OPINION: Wellington Phoenix need to overhaul their squad with New Zealand players next season in an attempt to reconnect with disillusioned supporters.
Right now the Phoenix are doing nothing to silence the critics, like former A-League coach John Kosmina, who have called for the club to be axed from the competition.
The support is waning and it is sad that football fans on this side of the ditch are questioning the Phoenix's existence as well.
Bottom of the table with just three wins in 19 games, coach Darije Kalezic's first season in charge could end up becoming a season wasted unless by some miracle they overturn an 11-point deficit and qualify for the playoffs.
But would it be wasted if the squad was brimming with young Kiwis who were being developed for the future?
Forget the results and Roy Krishna's uncertain future, the biggest issue with the Phoenix this season is their reluctance to sign New Zealand players. After all, the Phoenix is New Zealand's only professional football club and Kiwis should be the core of it.
But that is not the case currently. Of the 11 most used players this season, only four of them are Kiwis and just 10 of the 23-man squad are actually New Zealanders.
Developing young New Zealanders should be the club's No 1 priority - even if the squad will be weaker for the few games that clash with international windows.
Instead, we are seeing more and more All Whites look to the slightly brighter lights of Major League Soccer, with a record number of Kiwis set to ply their trade in the United States this year.
When the Phoenix last hosted Sydney FC, the loudest cheer of the game came when Sarpreet Singh, one of Wellington's most promising young players, rocked the crossbar from long-range.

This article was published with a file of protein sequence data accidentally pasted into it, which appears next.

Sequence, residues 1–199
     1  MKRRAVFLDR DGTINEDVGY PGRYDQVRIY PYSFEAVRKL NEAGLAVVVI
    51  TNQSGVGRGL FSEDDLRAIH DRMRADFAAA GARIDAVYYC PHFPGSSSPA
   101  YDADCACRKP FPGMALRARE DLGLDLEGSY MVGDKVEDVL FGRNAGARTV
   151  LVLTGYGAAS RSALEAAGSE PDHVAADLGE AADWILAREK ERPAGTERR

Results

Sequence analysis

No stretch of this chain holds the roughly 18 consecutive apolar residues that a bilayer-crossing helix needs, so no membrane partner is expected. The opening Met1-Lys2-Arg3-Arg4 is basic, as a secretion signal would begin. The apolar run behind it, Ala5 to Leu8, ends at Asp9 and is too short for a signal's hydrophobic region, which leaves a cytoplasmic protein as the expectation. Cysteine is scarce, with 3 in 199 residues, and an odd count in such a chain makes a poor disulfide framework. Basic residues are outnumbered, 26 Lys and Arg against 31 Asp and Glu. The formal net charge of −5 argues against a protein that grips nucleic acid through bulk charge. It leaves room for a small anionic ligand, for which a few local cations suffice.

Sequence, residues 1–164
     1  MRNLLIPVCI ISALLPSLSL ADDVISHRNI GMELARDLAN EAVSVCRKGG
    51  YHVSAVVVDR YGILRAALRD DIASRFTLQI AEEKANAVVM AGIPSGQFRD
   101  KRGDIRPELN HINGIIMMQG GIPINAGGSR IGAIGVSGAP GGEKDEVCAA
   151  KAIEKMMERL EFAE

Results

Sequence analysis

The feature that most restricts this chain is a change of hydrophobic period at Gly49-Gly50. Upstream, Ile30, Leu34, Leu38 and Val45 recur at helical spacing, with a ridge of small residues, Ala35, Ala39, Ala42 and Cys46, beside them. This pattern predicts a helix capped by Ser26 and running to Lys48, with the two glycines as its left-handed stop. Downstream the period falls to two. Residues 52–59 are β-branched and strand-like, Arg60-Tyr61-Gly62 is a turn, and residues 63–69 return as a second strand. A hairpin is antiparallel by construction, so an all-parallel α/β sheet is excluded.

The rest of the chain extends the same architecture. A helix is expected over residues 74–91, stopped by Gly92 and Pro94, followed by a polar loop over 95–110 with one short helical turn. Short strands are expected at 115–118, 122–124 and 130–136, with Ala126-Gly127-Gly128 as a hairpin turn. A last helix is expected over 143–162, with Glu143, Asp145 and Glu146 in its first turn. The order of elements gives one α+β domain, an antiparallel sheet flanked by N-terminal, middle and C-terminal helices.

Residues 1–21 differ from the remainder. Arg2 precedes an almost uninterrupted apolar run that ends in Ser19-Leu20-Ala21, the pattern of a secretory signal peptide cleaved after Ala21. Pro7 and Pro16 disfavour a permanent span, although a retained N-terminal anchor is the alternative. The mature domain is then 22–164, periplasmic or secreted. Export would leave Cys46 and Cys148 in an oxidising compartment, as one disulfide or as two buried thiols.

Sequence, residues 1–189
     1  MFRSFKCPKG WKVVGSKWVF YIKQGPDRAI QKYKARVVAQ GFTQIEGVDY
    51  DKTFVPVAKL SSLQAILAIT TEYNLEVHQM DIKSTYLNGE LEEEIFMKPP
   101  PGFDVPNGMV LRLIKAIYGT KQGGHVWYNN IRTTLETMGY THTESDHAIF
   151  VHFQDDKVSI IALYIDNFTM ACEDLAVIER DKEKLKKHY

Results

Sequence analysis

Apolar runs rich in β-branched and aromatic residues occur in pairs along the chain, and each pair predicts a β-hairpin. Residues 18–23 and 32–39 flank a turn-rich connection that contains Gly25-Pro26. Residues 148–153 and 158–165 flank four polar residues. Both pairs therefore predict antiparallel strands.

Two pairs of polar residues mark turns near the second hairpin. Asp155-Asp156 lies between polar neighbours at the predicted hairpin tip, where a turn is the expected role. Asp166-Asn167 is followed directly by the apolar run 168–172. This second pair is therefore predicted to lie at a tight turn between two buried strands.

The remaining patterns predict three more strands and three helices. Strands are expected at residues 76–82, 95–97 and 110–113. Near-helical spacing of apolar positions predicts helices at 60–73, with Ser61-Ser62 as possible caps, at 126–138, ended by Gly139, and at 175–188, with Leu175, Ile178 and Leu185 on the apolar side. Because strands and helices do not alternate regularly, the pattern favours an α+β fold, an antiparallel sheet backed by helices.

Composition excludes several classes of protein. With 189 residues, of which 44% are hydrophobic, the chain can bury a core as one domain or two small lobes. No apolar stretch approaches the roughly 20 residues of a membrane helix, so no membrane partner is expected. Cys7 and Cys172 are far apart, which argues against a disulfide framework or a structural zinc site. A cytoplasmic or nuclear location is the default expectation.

Sports fans have this fascination with producing the next big thing and Singh's cameo was one of the few occasions where there has been genuine excitement about the team this season.
In a league with too many journeymen, it is the young stars who provide the spark - Melbourne City's Daniel Arzani this season and Phoenix product Marco Rojas in seasons gone by are prime examples.
Which is why it is such a shame that a player of Singh's potential has been restricted to just 77 minutes of game time this season.
After that Sydney game, one fan who was attending his first Phoenix match was asked whether he would consider coming back. His response was an increasingly common one: "maybe if there were more Kiwis".
There are plenty of New Zealand internationals who should have been Phoenix players by now, including national team regulars Clayton Lewis, Stefan Marinovic and Bill Tuiloma, who in various stages during the past few years have waited for a chance to establish themselves as first team pros.
Tuiloma recently revealed that the Phoenix never approached him during the few months when his future at Portland Timbers appeared uncertain. That is hard to comprehend as it would have been a positive move for both parties. The same goes for Canterbury United defender Francis de Vries, who is not an All White yet but played USL alongside many of them in 2017, and is currently without a professional contract.
After beginning the season with a no-Kiwi policy that was clear to see - contributing a record-low two players to the All Whites squad to face Peru - Kalezic revealed that just being a New Zealander was one of the main reasons the club decided to sign Monty Patterson on loan from Ipswich Town.
So maybe the tide is turning.
But with 15 players off-contract, the Phoenix have a chance to completely overhaul the roster next season and filling it with local players will give the supporters a reason to feel connected to the team again.
It has been welcome sight to see Wellington schoolboy Liberato Cacace given a chance in recent weeks as it sends a message to other youngsters that the Phoenix can provide a viable pathway but there needs to be more.